Mark Zuckerberg loses $7 billion, FB shares drop

Mark Zuckerberg loses $7 billion, FB shares drop

More than 120 corporations, including Verizon, Dove, Lipton, Hershey's, and Honda joined the boycott organized by activists and civil-rights groups that demanded Facebook combat what they term hate speech and disinformation on its platform.

The new measures that Zuckerberg announced also include partnerships with local election authorities to determine the accuracy of information and what is potentially unsafe.

Zuckerberg has defended leaving the post untouched, saying Facebook should allow for as much free expression as possible. Just days later, Facebook contorted itself into an endless series of recursive thought loops to justify not removing a Trump post calling for the military to shoot protesters demonstrating against rampant racism in police departments and the police killing of Minneapolis man George Floyd. A similar post published to Twitter carried a warning the tweet was "glorifying violence".

"We know we have more work to do", the spokesperson said. "The policies that we're implementing today are created to address the reality and the challenges that our country is facing and how these challenges are showing up across our platform and our community".

To clarify one point: there is no newsworthiness exemption to content that incites violence or suppresses voting.

"Let's send Facebook a powerful message: Your profits will never be worth promoting hate, bigotry, racism, antisemitism and violence", the campaign's website says. Facebook brought in almost $70 billion in advertising revenue past year.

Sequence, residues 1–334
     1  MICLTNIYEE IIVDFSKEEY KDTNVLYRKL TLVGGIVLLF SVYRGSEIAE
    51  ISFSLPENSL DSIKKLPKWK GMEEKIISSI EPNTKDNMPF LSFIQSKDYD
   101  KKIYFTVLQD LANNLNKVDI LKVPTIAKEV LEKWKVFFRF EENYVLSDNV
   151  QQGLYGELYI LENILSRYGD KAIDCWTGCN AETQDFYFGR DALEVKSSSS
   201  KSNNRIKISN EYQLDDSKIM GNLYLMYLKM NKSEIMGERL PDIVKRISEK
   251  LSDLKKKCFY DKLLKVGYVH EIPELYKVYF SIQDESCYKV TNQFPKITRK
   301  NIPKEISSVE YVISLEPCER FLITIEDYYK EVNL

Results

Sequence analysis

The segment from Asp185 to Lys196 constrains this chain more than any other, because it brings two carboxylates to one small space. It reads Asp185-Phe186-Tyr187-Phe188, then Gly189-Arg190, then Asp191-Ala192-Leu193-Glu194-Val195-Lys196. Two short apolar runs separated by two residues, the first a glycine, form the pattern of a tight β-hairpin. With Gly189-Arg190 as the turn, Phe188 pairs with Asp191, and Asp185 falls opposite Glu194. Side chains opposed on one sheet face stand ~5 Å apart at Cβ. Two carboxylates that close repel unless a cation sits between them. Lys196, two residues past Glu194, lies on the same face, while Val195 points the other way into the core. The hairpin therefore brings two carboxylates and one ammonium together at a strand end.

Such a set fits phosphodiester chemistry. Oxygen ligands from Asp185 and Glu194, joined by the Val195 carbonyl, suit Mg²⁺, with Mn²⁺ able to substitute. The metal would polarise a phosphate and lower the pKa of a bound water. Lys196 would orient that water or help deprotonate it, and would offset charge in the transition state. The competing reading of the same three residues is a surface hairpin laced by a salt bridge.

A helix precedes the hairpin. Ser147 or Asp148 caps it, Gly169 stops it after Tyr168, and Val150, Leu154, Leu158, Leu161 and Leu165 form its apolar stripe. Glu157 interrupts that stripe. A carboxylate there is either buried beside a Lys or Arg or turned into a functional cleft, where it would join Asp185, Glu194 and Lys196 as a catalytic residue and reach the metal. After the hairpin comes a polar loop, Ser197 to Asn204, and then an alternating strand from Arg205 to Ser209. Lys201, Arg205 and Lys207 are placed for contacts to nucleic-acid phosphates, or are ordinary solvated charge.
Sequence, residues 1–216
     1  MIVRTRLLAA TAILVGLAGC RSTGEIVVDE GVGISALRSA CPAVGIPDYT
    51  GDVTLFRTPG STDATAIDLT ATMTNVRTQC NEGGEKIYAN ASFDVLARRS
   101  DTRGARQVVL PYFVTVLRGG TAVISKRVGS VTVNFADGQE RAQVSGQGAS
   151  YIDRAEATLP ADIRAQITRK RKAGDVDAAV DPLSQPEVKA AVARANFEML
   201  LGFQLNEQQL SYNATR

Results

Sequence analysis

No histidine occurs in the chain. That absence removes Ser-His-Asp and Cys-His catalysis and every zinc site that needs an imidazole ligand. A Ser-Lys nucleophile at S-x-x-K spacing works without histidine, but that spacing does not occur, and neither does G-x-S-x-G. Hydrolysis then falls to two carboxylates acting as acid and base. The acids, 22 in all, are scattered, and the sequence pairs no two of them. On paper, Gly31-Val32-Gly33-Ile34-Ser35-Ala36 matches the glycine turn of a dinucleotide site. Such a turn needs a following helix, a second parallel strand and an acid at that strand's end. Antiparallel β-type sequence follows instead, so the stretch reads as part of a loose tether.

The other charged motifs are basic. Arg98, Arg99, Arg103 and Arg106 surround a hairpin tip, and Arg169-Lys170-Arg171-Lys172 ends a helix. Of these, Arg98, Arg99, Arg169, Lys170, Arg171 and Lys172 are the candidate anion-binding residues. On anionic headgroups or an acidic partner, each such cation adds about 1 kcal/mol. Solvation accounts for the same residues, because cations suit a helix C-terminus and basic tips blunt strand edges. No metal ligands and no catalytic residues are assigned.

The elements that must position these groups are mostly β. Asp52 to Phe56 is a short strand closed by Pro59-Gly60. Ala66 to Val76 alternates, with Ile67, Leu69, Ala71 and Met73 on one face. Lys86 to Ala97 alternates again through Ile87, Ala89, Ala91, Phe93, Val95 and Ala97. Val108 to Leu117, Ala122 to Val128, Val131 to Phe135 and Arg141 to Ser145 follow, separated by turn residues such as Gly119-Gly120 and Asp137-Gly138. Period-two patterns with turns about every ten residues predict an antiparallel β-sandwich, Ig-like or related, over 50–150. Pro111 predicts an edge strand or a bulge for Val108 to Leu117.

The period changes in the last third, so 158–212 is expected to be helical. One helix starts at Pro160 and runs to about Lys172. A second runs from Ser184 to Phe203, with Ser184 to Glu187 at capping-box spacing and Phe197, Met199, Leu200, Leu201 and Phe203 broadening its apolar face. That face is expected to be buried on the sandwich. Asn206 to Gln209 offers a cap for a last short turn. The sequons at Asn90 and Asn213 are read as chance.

Last month, Zuckerberg took to Fox News to explain that he wouldn't intervene to stop Trump from posting baseless lies about Democratic voter fraud, proclaiming to conservatives that Facebook would not be the "arbiter of truth".

"Continuing to advertise on these platforms at this time would not add value to people and society", the company said in today's announcement.

Hours earlier, Unilever PLC announced it was pulling its ad spending from both Facebook and Twitter for the rest of the year.

Coca-Cola CEO and Chairman, James Quincey, said in his statement that the company was not joining the official boycott like other big brands, but was only pausing ads on all social media platforms globally for the month of July.

He said social media companies need to provide "greater accountability and transparency". It has focused on Facebook, which also owns Instagram; and WhatsApp and a year ago attracted advertising revenue of nearly $70bn (£56.7bn). The company says the goal is to establish a "higher quality" of content for its advertising and to ban divisive rhetoric. "We are respectful of our partners' decisions and will continue to work and communicate closely with them during this time".

Facebook said it would attach labels to all posts across its network that discuss the subject of voting, in a move meant to hamper any disenfranchisement of voters in the November election. And it will put labels on all posts discussing voting, linking to "authoritativeinformation".

The US media landscape has been deluged by a wave of calls for advertiser boycotts that came in the wake of the ongoing Black Lives Matter protests.

Among its objections, Stop Hate for Profit blames Facebook for turning a "blind eye to blatant voter suppression".

"None of this will be vetted or verified - or make a dent in the problem on the largest social media platform on the planet", they wrote.

"We're in. We're Out @Facebook".

Facebook executives have, nevertheless, been adamant that they will not be bullied into producing adjustments they do not want to make, according to the report. They have taken meagre steps after each catastrophe where their platform played a part.

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